While the first two crews were working on the Deasey Mountain Trail, Earl headed to the Katahdin Brook lean-to. He hiked back up Gardner Road to check the post and blazes and found them in very good condition. The post and stones at old mile zero on the Gardner Road have been removed, now that a new trail is being built in the Park to connect Katahdin Lake with the new IAT campsite on Katahdin Brook. Earl returned to Wassataquoik Stream and hiked up the trail to meet the crew at the cut off to the Warden Cabin.
There were numerous blow downs along the trail, and it was hot and muggy day with ample mosquitoes. Hemlock and Pine are growing in thick along a couple of stretches of the Keep Path and another old road, and they will need trimming every year. The day was so hot that the girls went swimming when they got back to the crossing. Everyone pitched in with the last task of the day – to remove the slack from the safety line across the river. Julia, Ruby and Kelsey then left in the late afternoon to reach Farmington in time for a prior commitment.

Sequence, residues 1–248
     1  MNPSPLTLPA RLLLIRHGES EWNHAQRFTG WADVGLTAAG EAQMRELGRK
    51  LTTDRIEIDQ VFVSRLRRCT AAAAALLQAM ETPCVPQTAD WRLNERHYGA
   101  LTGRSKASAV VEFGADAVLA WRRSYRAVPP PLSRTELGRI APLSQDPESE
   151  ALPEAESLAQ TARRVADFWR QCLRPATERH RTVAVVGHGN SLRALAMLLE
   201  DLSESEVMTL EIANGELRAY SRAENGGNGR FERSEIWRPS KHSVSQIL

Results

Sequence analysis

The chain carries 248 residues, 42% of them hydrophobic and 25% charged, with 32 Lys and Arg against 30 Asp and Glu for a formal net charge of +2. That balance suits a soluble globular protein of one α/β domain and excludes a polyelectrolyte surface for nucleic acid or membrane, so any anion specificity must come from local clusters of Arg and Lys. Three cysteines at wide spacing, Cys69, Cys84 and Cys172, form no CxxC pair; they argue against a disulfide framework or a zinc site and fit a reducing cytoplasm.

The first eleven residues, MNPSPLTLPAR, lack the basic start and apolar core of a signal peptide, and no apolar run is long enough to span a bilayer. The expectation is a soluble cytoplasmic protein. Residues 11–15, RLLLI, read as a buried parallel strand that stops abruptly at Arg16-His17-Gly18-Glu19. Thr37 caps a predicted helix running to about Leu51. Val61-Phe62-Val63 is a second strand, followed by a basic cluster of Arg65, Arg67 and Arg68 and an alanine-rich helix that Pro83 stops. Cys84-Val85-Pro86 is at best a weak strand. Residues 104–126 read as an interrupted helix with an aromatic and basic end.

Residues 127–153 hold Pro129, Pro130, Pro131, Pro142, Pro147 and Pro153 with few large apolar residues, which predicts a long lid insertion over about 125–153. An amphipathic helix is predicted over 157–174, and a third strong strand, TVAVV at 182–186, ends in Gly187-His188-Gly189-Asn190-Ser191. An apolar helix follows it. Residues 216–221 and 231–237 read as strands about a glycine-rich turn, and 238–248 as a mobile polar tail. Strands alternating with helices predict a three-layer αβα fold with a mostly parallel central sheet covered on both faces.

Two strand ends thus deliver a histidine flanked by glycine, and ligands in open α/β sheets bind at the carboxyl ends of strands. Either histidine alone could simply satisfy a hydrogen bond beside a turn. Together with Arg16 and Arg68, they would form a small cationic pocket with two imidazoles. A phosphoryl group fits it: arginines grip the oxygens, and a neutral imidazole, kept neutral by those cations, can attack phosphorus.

During supper Mark Leathers visited with Lucas St. Clair, Tom Chase, the new Lunksoos Camps managers, Susan and Mark Adams, and several others. It was quite a surprise, and Don almost burned the chicken in all the commotion.
Day #3
The group broke camp after to breakfast and headed to Katahdin Brook campsite to build a fire ring.

Mark Learthers and EPI has placed a 30” wide steel bridge across Katahdin Stream, informally named “Walter’s Bridge” for easy access to the trail and campsite. The crew bumped in to Mark, Susan and Mark Adams, and Cathy Johnson at the top of the Gardiner Road as they were leaving. EPI is planning for greater public access to their lands now that a new loop road has been created from Whetstone Bridge outside Sherman Station.